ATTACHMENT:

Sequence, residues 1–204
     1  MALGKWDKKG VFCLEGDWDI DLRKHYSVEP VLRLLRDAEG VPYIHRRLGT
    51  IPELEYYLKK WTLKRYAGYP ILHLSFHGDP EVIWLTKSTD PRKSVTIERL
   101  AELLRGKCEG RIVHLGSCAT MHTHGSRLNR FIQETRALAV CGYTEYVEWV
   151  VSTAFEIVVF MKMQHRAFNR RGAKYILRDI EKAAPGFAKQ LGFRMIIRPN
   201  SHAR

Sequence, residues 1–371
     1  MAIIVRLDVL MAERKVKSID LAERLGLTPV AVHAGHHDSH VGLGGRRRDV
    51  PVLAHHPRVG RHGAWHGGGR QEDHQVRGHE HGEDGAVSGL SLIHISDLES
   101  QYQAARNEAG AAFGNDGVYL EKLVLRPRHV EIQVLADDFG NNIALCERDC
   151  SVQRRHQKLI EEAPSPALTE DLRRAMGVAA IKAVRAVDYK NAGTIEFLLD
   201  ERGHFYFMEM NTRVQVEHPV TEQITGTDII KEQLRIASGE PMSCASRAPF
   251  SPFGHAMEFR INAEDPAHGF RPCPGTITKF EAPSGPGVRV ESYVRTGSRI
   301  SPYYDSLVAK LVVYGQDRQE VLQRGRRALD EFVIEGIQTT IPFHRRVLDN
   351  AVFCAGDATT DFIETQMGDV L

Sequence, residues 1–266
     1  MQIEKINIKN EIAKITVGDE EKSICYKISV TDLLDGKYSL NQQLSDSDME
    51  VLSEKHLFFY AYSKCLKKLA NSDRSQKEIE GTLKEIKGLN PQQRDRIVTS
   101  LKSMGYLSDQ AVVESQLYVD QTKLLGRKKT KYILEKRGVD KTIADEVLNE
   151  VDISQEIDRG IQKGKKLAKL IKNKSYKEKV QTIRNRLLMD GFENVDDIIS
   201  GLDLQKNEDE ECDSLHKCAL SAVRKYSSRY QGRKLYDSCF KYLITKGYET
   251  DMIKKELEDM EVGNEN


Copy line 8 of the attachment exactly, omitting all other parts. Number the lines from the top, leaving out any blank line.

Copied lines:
     1  MAIIVRLDVL MAERKVKSID LAERLGLTPV AVHAGHHDSH VGLGGRRRDV